Italian Olivier

Italy is home to some of the simplest and most mind-bogglingly delicious dishes, but the library of this country's top recipes includes some complicated things. For example, the famous Ligurian cappon magro salad. The first glance at the list of ingredients and it starts to make your eyes water, there are so many of them. But in fact this salad is very similar to our native Olivier, but in Italian style, with pesto or similar green sauce instead of mayonnaise, fish instead of meat and layers of different vegetables.


Don't be lazy and search the Internet for pictures of this salad. As often happens with popular popular dishes, their decoration is a separate entertainment. Some people choose to portion the salad (we suggest doing it that way) but quite often kappon magro is prepared literally in bowls (doesn't it remind you anything?) and decorated as the imagination prompts, laying almost pictures on its surface and crowning the work with a whole lobster. The city legend is not without its legends: in Genoa they soak the cookies in seawater for the salad.


We offer you a slightly adapted to the Russian reality version - with hake, shrimps and clams. Try this wonderful Italian Olivier, too, and be sure to share your opinion in the comment                                                                                                                                                                                                                                                                                                                                                                                                              It's a good idea to start preparation a day in advance, which is how long it takes for the sauce to reach the right consistency. Finely chop a garlic clove, mix with coarse salt (take a generous pinch, about half a teaspoon), 30 grams of pine nuts and five olives, add two anchovies, grind well in a mortar. You can also use a blender. Then chop 70 grams of parsley and mix it with the sauce. Next, put everything in the blender, start whipping the sauce, gradually pouring in extra virgin olive oil to obtain a smooth and creamy mixture. Pour by eye - the sauce should come out more liquid than regular store-bought pesto. At the end, add lemon juice, salt and pepper, all to taste. If you like a more herbal and slightly bitter taste, take less juice, if you like acidity, more. Put the sauce in a jar or a bowl and place it in the fridge for 24 hours.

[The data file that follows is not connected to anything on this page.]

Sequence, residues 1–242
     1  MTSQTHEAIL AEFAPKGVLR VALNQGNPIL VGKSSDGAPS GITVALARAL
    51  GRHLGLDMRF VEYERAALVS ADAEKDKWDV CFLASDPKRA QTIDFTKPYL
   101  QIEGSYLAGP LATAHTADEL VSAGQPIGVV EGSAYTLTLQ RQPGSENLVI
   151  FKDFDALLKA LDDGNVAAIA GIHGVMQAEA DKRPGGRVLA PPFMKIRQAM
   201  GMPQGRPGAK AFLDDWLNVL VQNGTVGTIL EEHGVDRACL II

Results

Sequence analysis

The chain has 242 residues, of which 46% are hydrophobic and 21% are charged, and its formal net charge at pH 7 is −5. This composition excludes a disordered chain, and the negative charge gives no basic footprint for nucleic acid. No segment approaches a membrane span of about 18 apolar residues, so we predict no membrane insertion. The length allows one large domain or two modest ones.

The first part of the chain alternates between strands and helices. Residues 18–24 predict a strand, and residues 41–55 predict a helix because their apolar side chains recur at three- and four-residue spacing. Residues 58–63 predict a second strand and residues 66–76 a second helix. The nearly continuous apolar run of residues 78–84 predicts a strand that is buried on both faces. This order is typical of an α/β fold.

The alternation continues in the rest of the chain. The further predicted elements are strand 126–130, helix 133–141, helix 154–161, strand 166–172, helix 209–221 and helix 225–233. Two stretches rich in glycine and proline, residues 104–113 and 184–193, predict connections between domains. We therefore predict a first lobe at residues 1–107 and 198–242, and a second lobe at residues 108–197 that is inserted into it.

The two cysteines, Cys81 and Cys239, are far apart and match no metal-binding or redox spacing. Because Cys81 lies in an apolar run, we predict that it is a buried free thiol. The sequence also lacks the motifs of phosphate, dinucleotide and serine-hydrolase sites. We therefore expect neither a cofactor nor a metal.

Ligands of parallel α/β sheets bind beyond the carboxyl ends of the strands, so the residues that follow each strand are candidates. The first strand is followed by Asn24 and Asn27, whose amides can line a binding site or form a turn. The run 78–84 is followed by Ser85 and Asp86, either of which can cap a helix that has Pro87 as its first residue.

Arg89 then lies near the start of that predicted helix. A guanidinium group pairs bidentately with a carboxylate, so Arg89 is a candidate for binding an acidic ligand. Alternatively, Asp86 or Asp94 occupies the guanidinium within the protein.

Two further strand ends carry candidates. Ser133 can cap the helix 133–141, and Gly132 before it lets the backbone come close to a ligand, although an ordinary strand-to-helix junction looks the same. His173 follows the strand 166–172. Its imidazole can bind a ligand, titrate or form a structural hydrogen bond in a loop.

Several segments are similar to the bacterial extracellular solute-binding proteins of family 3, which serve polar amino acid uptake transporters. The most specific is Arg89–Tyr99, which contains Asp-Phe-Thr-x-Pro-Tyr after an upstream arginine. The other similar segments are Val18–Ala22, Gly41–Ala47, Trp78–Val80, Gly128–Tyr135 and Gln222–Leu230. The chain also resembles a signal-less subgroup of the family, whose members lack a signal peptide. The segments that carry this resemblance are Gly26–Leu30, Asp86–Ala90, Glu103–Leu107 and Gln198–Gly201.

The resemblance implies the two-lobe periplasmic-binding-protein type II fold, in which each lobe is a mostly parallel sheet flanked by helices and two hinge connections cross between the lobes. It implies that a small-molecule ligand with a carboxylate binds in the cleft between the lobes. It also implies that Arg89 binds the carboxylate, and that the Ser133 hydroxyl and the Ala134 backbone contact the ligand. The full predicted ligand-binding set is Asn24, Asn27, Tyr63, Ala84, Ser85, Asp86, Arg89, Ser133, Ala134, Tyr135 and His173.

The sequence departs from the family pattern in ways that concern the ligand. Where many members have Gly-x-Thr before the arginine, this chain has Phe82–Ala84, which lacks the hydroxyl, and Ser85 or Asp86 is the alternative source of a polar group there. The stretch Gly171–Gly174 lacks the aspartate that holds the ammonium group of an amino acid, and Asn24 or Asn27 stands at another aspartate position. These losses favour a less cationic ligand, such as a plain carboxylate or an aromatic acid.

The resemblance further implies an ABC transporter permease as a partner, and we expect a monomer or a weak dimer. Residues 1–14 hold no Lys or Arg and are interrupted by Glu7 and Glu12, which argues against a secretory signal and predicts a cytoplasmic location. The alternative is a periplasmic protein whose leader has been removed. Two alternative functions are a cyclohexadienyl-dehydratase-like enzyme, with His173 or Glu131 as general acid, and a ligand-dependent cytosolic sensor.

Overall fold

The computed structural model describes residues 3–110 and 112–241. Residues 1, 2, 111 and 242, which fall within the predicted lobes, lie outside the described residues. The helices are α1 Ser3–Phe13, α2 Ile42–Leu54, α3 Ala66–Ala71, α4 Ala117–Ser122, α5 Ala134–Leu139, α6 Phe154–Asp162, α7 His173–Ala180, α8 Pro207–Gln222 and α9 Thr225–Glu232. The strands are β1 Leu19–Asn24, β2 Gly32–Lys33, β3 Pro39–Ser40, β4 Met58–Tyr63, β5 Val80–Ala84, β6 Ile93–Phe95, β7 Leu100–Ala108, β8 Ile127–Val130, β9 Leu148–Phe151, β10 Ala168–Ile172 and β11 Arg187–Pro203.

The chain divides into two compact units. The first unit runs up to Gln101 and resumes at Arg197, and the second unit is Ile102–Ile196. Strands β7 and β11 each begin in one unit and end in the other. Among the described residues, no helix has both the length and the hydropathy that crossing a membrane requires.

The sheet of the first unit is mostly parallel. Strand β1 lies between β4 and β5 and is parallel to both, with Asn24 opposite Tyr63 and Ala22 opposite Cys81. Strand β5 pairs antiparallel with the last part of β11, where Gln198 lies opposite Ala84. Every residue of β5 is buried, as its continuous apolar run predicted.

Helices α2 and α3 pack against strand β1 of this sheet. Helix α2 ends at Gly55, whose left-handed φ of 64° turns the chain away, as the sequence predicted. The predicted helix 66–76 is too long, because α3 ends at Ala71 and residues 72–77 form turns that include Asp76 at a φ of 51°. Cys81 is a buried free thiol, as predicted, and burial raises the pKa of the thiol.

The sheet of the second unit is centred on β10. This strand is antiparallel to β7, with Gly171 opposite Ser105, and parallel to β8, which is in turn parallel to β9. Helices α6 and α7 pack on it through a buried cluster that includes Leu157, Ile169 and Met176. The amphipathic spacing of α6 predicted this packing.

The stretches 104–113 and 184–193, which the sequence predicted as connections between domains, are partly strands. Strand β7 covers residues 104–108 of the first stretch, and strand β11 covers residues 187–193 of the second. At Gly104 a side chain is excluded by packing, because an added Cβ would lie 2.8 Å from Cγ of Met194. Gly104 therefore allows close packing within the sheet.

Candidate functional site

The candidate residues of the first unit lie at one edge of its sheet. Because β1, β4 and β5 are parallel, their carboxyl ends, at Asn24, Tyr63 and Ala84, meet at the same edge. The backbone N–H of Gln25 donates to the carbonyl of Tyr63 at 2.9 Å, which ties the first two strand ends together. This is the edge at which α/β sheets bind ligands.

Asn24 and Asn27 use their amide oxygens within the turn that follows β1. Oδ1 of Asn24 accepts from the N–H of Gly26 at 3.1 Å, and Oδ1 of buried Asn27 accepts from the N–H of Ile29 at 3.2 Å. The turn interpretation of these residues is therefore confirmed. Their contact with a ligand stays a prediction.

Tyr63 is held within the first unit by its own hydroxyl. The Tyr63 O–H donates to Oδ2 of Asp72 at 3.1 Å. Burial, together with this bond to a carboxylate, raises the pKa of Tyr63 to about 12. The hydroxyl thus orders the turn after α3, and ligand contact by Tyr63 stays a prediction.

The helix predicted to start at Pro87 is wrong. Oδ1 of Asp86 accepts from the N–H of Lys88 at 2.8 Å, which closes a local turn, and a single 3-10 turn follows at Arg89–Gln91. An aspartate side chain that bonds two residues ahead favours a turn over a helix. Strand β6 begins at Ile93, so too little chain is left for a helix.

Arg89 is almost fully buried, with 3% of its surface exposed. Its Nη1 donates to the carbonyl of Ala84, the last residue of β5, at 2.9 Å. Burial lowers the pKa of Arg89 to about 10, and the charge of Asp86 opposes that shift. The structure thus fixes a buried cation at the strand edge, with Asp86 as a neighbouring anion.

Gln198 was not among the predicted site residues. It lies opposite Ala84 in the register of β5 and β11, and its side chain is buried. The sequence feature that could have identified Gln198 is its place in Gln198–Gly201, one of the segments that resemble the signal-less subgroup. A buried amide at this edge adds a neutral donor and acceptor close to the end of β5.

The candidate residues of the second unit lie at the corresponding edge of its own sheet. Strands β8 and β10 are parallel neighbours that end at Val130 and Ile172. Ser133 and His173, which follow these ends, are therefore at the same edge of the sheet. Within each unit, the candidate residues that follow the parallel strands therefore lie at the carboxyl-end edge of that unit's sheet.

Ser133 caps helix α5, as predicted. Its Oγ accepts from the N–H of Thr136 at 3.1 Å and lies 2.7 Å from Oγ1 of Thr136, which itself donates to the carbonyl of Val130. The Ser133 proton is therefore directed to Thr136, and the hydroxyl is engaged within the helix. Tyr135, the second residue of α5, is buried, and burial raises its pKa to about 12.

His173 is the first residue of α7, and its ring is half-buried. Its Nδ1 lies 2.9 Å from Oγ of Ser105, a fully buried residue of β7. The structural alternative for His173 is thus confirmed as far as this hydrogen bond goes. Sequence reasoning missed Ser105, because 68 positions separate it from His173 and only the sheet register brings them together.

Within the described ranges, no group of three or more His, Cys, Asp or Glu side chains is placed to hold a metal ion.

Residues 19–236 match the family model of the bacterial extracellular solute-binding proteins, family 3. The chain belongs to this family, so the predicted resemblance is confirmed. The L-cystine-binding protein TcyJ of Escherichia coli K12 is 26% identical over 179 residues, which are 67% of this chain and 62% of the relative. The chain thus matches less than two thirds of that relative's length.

If you don't want to spend 24 hours preparing, buy ready-made Genoese pesto at the store - this sauce is basil-based, not parsley, but it fits perfectly into this salad, which also comes from Liguria.


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